# Determine the Speed of Sound

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## Introduction: Determine the Speed of Sound

I will go through a process that will allow you to determine the speed sound travels. This is a classic physics lab that in the past would have required lots of expensive equipment. The only expensive equipment involved here is a computer with a microphone input. Which by itself can be expensive, but most classrooms these days have at least one in the room.

## Step 1: Stuff You Need

1. Computer with microphone input
2. Microphone you can plug into the computer
3. Long tube. I typically use discarded carpet tube (which is free), but you can use PVC pipe. 1.5 m to 2 m in length is best.
4. An audio recording program. I recommend Audacity. [http://audacity.sourceforge.net/]

## Step 2: Record Your Sound

Stand the tube up on a hard surface or place against a wall. Hold the microphone right at the opening of the tube. Start recording in Audacity. Snap your fingers near the microphone. A weak, pathetic snap tends to work better than a strong one. Snap a few more times so that your odds of having a good one will increase.

Note, you want your hand above the microphone to get the most precise answer.

## Step 3: Zoom In

Click and drag over one of the peaks and zoom in. The easiest way is to click the "Zoom to Fit" button.

## Step 4: Zoom in Again

Now you should see two sets of peaks. If you still only see one, highlight a smaller area and zoom in again.

The first set of peaks is your snap. The second is the echo of your snap.

Highlight just the two sets of peaks and zoom again.

## Step 5: Really Precise Stopwatch

Now we can easily see the recording of our snap and the echo of our snap. All we need to do now is determine how long it took the sound to travel from the mouth of the tube to the floor and back again.

The easiest way (as pointed out by one of my students) is to click and drag from the beginning of the sound to the beginning of the echo. If you look near the bottom of the window you'll be able to see how much time you've highlighted.

For mine I get a time of 0.009057 seconds. I figure four significant figures is pretty good. Now I simply measure the length of my tube, which in this case was 1.548 m. Since the sound has to go there and back again I double this distance (almost everyone forgets to do this the first time).

Speed can be calculated by dividing distance by time.

So v = d/t; v = 3.096/0.009057

v = 341.8 m/s or 764.6 mph

The accepted value at sea level is 340.29 m/s (the value in my classroom can be anywhere between 340 m/s and about 348 m/s depending on the weather).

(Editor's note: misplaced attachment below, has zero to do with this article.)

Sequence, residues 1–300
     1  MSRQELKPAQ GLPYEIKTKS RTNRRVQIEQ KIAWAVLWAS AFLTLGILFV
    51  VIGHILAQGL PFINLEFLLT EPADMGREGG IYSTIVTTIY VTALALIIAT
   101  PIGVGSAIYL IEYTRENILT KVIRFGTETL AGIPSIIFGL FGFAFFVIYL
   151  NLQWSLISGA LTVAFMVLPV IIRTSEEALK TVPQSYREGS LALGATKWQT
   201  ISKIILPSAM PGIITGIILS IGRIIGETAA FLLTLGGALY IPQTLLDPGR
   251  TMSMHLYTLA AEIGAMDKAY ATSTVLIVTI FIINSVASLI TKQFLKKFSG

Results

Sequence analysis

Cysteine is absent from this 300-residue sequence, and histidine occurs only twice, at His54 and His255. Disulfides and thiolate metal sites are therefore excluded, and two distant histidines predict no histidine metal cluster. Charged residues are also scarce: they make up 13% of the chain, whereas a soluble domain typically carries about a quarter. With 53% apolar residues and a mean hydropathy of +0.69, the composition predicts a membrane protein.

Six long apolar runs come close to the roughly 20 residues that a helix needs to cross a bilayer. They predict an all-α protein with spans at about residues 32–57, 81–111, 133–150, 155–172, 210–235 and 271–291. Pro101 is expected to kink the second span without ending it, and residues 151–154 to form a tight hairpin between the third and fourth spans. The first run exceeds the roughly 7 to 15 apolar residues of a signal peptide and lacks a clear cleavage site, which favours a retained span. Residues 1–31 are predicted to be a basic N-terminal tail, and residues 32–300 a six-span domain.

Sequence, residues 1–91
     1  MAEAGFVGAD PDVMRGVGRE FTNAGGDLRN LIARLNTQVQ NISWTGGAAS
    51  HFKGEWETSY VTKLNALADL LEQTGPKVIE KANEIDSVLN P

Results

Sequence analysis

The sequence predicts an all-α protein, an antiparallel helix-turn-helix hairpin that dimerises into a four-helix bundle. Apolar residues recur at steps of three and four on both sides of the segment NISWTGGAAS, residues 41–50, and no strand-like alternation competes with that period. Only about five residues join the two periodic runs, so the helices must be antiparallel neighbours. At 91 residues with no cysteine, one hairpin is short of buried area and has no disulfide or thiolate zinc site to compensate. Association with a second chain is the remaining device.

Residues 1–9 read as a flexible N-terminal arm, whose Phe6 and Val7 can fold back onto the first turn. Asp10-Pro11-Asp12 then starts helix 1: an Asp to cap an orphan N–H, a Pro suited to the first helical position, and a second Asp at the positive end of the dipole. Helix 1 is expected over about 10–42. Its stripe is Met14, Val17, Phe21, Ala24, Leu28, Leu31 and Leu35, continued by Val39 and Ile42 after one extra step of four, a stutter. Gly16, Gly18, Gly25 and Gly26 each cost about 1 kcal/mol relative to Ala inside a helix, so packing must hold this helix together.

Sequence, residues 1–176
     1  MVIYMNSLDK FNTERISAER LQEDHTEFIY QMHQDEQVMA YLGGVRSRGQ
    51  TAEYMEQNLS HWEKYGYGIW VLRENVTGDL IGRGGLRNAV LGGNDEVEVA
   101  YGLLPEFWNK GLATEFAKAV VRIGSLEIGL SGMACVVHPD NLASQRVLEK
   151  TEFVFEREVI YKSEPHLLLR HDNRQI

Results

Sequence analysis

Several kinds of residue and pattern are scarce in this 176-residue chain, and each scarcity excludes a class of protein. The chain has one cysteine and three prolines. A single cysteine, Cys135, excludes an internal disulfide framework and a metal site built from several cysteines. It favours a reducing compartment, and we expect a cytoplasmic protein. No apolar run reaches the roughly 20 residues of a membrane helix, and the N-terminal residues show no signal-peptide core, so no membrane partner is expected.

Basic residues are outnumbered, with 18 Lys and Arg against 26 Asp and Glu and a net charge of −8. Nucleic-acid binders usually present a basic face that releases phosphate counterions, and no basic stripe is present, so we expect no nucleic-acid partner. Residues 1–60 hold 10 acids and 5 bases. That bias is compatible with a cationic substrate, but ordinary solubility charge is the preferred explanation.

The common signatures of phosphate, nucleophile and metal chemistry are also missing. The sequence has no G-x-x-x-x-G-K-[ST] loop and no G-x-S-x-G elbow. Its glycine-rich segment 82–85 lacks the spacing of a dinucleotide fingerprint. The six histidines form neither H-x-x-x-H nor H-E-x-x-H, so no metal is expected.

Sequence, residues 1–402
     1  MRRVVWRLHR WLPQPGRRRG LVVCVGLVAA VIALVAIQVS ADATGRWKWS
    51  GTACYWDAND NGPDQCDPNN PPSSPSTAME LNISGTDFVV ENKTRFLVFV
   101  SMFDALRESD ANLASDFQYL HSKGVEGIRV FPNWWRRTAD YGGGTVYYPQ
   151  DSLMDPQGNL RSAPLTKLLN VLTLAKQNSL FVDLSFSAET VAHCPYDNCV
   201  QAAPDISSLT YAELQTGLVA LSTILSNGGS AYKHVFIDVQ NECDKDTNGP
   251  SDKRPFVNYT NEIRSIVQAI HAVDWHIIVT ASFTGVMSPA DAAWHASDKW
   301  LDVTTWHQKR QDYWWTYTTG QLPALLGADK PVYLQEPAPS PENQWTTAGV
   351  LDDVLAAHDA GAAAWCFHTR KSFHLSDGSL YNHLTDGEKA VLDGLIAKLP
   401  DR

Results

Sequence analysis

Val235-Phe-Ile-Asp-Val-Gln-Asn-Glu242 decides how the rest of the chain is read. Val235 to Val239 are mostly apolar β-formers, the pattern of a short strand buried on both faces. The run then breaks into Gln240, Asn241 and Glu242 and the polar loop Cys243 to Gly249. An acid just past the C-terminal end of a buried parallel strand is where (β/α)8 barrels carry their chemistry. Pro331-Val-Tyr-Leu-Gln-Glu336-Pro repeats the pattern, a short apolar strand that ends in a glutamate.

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• ### Game Design: Student Design Challenge

question(s) - 1)what if you wanted to measure the distance from the object(that created the sound) to the microphone that captured the sound ? 2)what if you placed two or three other microphones in the room in each corner, could you use them as well ? or would they cause any foreseeable problems in this project ? Im trying to pinpoint the distance and vector of an orignating sound. Is this possible ?

I've not tried using multiple microphones with Audacity before. I'm not sure you could do that. What you could do would be to wire two mono microphones to the stereo input and record as a stereo track though.

thats a good idea !!! thanks.. :-)

i am still a student taking up bs physics!! just want to ask wer can f find audacity program in our computer system! pls help me tanx

Why do people assume you need high-tech equipment to do decent science? You can calculate the speed of sound with two lumps of wood, a stopwatch and a convenient wall.

How long do you think you can get away with having a comment like this and no Instructable showing us how?

Doh! OK, I know what I'm doing with my Science Clubbers tomorrow night...

You're right, you don't need high-tech equipment to do decent science. In many cases I do very low tech labs. It all depends on what I'm trying to teach. The tech tools can often be more engaging for students, which is one of the reasons I use them. Additionally we use Audacity for some later labs and this provides a great introduction to the program.

Makes me wonder two things. 1) Is there anything open source can't do? :) 2) How'd they do it before the computer made it this darn easy?

2) answer: Two microphones one meter apart connected to an oscilloscope. Do I get another prize??

Sure, if I win the laser cutter I'll send you not one, but two official prizes. ;)

It is also worth pointing out that the pulse comes back inverted - that first "down" peak comes back as an "up" peak - since the end of the air tube can be considered as fixed (cement has larger impedance than the air). If you can detect a reflection from the end just held up in the air it may be erect (assuming air not surrounded by the tube has a lower impedance that air in the tube). Neat!